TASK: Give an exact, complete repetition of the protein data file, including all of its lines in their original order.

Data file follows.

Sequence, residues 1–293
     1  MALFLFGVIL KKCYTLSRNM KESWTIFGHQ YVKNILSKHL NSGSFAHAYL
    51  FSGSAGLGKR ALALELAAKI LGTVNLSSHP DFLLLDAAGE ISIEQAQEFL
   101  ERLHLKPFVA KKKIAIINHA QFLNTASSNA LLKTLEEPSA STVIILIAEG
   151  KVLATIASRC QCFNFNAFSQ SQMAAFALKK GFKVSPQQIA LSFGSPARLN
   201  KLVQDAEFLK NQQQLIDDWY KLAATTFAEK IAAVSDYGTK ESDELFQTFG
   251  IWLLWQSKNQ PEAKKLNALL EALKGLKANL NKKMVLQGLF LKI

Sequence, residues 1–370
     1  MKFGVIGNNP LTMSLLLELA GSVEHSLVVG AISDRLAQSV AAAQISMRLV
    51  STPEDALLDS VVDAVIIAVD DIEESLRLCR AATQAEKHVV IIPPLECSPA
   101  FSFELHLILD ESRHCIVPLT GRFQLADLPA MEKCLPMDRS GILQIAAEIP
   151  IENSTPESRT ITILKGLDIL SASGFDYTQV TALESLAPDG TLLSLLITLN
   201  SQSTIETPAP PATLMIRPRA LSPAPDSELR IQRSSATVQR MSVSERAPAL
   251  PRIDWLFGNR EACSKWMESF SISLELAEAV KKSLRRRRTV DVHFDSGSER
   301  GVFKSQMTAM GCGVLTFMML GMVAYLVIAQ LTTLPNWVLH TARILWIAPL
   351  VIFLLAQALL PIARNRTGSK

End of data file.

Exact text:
Sequence, residues 1–293
     1  MALFLFGVIL KKCYTLSRNM KESWTIFGHQ YVKNILSKHL NSGSFAHAYL
    51  FSGSAGLGKR ALALELAAKI LGTVNLSSHP DFLLLDAAGE ISIEQAQEFL
   101  ERLHLKPFVA KKKIAIINHA QFLNTASSNA LLKTLEEPSA STVIILIAEG
   151  KVLATIASRC QCFNFNAFSQ SQMAAFALKK GFKVSPQQIA LSFGSPARLN
   201  KLVQDAEFLK NQQQLIDDWY KLAATTFAEK IAAVSDYGTK ESDELFQTFG
   251  IWLLWQSKNQ PEAKKLNALL EALKGLKANL NKKMVLQGLF LKI

Sequence, residues 1–370
     1  MKFGVIGNNP LTMSLLLELA GSVEHSLVVG AISDRLAQSV AAAQISMRLV
    51  STPEDALLDS VVDAVIIAVD DIEESLRLCR AATQAEKHVV IIPPLECSPA
   101  FSFELHLILD ESRHCIVPLT GRFQLADLPA MEKCLPMDRS GILQIAAEIP
   151  IENSTPESRT ITILKGLDIL SASGFDYTQV TALESLAPDG TLLSLLITLN
   201  SQSTIETPAP PATLMIRPRA LSPAPDSELR IQRSSATVQR MSVSERAPAL
   251  PRIDWLFGNR EACSKWMESF SISLELAEAV KKSLRRRRTV DVHFDSGSER
   301  GVFKSQMTAM GCGVLTFMML GMVAYLVIAQ LTTLPNWVLH TARILWIAPL
   351  VIFLLAQALL PIARNRTGSK